How to Get The Best Clean With Your Vacuum

How to get the best performance out of your vacuum.

How to get the most out of your vacuum.

You know what its like … you just finished a marathon cleaning session (or what feels like it anyways) only to turn around and see that one pesky spot still covered in dust and looking less than presentable.

If you’re not using the supplied attachments that came with your machine, or adding specialized cleaning tools, you’re not getting the most out of your vacuum. When you have the right tools available it makes it easier to clean your home from top to bottom.

Most vacuum cleaners come with the standard dusting brush, crevice tool, and upholstery tool. While these can seem like basic attachments, their potential is quite impressive. We find most homeowners fall into the ‘get it done quick’ trap and try to clean everything with one tool, or worse no tool at all. This can save time, as you don’t need to stop cleaning, but it can prevent a thorough clean and actually cause damage.

If you’re not using an attachment on the end of the hose or wand the plastic will eventually wear down. This will prevent a proper fit between the wand and other floor tools, and in most cases the worn parts will need to be replaced. As well, damage can be caused to the surface you are cleaning especially if the wand has metal ends.

When we see wands getting worn down the user usually tells us they are cleaning around the perimeter of a room – either the baseboards or crown moldings. When a delicate surface like wood, or even painted surfaces like drywall, are constantly being rubbed with a hard plastic or metal part they can easily become scratched, dented, and dinged. It is always best to use an attachment to prevent any unintentional damage.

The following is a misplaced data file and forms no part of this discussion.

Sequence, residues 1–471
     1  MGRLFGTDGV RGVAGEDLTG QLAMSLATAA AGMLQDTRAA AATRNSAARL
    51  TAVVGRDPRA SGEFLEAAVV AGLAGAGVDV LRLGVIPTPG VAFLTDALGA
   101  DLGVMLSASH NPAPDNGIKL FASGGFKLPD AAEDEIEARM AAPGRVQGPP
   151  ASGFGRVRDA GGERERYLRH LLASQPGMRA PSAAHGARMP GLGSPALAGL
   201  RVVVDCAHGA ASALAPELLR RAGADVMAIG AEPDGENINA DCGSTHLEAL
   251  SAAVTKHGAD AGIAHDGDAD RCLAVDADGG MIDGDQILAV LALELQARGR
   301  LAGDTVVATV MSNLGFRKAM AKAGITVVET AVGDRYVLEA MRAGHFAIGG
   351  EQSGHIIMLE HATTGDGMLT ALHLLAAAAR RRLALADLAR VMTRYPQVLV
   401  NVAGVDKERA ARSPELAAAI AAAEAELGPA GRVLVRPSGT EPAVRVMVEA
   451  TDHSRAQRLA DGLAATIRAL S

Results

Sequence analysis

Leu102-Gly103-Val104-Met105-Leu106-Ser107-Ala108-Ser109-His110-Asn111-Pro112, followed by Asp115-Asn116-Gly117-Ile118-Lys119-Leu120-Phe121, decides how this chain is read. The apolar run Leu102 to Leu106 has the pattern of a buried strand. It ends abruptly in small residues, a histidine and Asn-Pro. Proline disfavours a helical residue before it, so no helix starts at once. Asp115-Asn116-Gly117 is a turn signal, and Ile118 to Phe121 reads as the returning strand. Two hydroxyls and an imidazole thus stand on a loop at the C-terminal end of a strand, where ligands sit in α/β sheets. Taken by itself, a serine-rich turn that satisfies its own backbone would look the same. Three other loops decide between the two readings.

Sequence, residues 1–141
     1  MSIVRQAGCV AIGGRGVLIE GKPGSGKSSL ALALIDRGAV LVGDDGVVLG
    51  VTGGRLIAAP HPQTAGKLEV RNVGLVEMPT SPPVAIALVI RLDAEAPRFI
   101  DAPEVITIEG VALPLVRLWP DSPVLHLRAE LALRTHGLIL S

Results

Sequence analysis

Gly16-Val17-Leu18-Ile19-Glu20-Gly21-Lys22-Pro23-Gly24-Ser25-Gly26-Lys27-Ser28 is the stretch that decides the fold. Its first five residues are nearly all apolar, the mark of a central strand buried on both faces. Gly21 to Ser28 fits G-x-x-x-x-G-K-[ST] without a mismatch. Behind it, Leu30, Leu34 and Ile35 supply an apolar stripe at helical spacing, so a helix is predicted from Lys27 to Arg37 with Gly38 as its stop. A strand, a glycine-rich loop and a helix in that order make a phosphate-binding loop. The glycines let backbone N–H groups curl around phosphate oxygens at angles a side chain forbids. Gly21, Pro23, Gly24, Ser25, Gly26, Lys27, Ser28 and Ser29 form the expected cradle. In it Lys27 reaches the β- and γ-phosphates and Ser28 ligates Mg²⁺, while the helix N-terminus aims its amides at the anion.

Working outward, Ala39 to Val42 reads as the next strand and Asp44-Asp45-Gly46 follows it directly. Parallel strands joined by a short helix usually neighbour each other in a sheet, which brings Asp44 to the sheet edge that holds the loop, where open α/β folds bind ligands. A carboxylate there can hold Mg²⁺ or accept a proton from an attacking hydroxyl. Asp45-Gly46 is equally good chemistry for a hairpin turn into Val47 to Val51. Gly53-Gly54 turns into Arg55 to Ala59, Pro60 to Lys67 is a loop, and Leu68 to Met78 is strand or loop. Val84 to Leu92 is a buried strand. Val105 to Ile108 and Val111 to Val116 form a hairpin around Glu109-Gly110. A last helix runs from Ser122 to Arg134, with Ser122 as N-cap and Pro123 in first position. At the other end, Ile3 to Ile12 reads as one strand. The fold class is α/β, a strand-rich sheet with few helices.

How you should be using your tools:

Dusting Brush
  • Clean base boards and crown molding
  • Clean exhaust fans in the bathroom
  • Clean the dashboard and vents in vehicles
Crevice Tool
  • Clean dryer vents and exhaust pipes
  • Clean the tracks in windows and sliding doors
  • Clean the coils on fridges and freezers
  • Clean where the risers meet the treads on stairs, as well as where they meet the wall
Upholstery Tool
  • Clean any cloth furniture
  • Can be used to vacuum mattresses and pet beds
  • The red strip on most upholstery tools actually help lift hair and fibers trapped in the upholstery

Still have areas in your home you can’t quite clean? We have many specialized tools designed to clean tricky areas:

  • Many homes have venetian blinds that can be daunting to clean simply because the amount of dust they can collect. Our Shutter Blind tool cleans the top and bottom of each blind, plus cleans 3-4 rows at a time.
  • Some areas, like carpeted stairs, are too much for an upholstery tool. An air driven turbo head, like the Miele STB101, with a spinning agitator (brush bar) cleans much deeper and in a quicker amount of time.
  • If pets are present in the home you know the love-hate relationship that can develop with their hair. We suggest using Pet Grooming vacuum attachments to remove shedding hair before it becomes a problem. Of course, slowly allow your furry friend to become comfortable around the vacuum before trying this!
  • For central vacuum users a WallyVac, which is an auxiliary inlet with hose combination, can be quite useful in trouble areas like mud rooms and pantries.
  • Flexible Crevice tool and Extended Crevice tools are great for cleaning under furniture and appliances. See the Miele version here.
  • We never thought Shag carpeted would make a comeback, but we are glad that Shag Rakes are still available! The prongs help to lift the long fibers back up and ‘re-fluff’ the carpet.

Did you know:

According to the Smithsonian Institute almost all spiders that get sucked into a vacuum cleaner will die. There are two main causes of death at play – trauma from being bounced around the hose and wand, and thirst if the spider makes it into the collection bag or bin and cannot make it back out.

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